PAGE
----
“I’m tired of working at myself, I wanna be perfect already / I’m tired of the dating process, I wanna know what’s certain already / I’m tired of questioning if God real, I wanna get murdered already,” Boogie raps on album opener “Tired/Reflections.” It’s a startling string of statements for a rapper who is relatively early in his career; the release of Everything’s For Sale marks his first commercial album, although his first mixtape debuted in 2014. It sets the introspective tone that remains for the course of the rest of the album, as the Compton native raps, and at times almost sings, about depression and lost love.
Although the transparent and hardened nature of Boogie’s lyrics share a lot of commonalities with his Compton predecessors and peers, Everything’s For Sale does not sound like a typical west coast album. The jazz chords and luxurious, natural sounding-beats call to mind the hip-hop that has been coming out of Chicago, with huge influences of soul and jazz. And, when Boogie gets more melodious with his bars, the notes he hits end up sounding more than a little like Chance The Rapper, with all the endearing raspy-pitchyness (for example, listen to the hook on “Silent Ride”). This combination of west coast and Chicago sensibilities helps the album stand out, taking influence from two different worlds.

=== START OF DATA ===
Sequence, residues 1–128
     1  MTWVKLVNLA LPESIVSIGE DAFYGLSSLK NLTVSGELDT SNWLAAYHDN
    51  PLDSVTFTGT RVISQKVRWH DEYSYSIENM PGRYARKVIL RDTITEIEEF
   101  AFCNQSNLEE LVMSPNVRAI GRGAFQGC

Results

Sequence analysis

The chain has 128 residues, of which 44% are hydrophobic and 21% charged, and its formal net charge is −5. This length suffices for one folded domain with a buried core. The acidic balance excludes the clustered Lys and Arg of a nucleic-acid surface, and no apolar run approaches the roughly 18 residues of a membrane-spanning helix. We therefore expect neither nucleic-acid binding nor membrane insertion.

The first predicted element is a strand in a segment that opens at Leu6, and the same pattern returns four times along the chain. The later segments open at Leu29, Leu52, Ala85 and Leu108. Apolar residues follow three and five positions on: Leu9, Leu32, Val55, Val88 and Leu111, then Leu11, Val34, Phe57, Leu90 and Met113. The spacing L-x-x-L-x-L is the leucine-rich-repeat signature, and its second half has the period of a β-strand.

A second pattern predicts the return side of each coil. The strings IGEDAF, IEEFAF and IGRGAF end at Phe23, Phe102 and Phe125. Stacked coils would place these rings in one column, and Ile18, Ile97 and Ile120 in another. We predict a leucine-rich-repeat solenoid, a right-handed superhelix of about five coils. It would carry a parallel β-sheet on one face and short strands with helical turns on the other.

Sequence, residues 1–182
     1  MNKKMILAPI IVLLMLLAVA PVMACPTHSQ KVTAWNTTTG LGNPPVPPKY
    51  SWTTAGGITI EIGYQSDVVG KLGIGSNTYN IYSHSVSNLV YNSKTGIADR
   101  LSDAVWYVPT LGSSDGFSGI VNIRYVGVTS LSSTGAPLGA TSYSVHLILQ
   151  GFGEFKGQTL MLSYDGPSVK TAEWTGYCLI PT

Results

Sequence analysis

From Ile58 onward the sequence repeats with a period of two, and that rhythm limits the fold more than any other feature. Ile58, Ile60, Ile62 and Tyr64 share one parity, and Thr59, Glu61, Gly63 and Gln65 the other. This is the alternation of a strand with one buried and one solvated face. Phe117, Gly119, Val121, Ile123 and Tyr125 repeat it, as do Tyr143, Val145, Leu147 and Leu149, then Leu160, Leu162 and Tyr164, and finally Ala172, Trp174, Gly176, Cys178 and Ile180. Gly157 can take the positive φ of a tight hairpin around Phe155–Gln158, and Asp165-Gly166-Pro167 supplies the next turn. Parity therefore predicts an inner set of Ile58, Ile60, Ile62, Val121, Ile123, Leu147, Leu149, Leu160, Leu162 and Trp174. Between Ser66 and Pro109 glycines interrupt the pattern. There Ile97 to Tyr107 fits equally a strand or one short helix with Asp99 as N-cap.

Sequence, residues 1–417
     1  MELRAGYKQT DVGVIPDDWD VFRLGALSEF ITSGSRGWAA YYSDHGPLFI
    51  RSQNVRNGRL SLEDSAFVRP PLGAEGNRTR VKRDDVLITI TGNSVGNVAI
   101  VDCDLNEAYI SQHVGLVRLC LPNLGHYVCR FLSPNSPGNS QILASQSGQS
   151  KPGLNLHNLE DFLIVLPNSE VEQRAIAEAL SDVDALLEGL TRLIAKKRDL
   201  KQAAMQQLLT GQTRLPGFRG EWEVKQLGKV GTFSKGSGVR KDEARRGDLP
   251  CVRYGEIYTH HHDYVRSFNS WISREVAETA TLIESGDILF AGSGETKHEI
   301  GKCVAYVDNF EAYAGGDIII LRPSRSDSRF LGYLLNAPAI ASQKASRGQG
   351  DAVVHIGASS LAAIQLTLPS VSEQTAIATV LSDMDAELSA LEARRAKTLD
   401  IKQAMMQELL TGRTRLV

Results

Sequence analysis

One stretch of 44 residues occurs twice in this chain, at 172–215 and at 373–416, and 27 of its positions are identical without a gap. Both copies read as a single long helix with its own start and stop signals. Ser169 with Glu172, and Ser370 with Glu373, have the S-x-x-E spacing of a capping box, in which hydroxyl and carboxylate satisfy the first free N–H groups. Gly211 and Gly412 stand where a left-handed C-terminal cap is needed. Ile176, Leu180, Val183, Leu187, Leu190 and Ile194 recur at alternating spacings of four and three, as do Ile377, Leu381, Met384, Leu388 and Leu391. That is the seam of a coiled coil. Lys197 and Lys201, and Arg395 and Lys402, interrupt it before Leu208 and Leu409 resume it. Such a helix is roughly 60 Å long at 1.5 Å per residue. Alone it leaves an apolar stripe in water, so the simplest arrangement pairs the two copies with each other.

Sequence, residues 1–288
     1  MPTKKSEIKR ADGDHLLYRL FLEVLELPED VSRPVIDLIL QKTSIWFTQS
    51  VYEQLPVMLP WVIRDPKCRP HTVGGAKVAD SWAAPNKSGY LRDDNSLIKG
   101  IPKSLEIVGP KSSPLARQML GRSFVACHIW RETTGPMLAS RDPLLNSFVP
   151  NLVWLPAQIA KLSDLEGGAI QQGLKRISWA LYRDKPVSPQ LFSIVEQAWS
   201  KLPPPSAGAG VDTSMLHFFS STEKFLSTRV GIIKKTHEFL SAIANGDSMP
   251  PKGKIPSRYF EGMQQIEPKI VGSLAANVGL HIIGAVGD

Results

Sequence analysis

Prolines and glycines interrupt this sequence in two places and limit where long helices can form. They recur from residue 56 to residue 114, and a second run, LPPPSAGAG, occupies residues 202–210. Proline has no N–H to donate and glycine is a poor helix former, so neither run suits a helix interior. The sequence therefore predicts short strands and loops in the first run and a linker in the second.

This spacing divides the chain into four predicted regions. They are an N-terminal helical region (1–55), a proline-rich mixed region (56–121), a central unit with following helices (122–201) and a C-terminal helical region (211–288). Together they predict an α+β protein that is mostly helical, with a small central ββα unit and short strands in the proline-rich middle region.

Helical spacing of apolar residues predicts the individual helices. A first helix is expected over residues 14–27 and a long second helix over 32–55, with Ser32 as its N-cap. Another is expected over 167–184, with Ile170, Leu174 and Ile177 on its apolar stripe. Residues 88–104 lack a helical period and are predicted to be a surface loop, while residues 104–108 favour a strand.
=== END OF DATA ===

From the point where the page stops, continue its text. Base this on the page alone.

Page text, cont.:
The record is most enjoyable when Boogie locks into a groove and runs with it, as on album highlight “Lolsmh (Interlude).” The first half of the track features one of the sweetest instrumentals on the album as Boogie delivers some vulnerable bars, “It’s hard for me to be happy / Wish my girl would just dump me / I done showed you all my ugly, but why the fuck you ain’t judge me? / No, my skin ain’t thick, it’s thin, it probably bleed soon as you touch me / I love it if you hate me, I hate that you fucking love me.” His flow is flawless and delivery sincere (calling to mind Saba’s incredible CARE FOR ME); on tracks when he is on, he is a very captivating and believable.
Some of the more misguided moments on the record come in the back half. Eminem is allowed to spit more “legacy-defending” trash all over the second half of “Rainy Days,” which feels unnecessary, especially as Boogie was holding down the first half of the track fine all on his own. At points the album bops back and forth thematically, making for a slightly disjointed listen. This is something that will likely come with time, as he finds his niche and perfects his craft as an MC.
If you’re looking for bangers, Everything’s For Sale is not the place to go (except for the hilarious “Self Destruction”), but if you’re fan of diaristic rap albums, this is definitely one to give a listen. At 38 minutes, it hits the right amount of breadth without dragging on and asking for too much. It’s a solid beginning to what could be a promising career.
Score: 6.8 (Solid)
For info on how we score albums see our rating scale.
Release Date: Feb. 1, 2019
Label: Shady Records/Interscope Records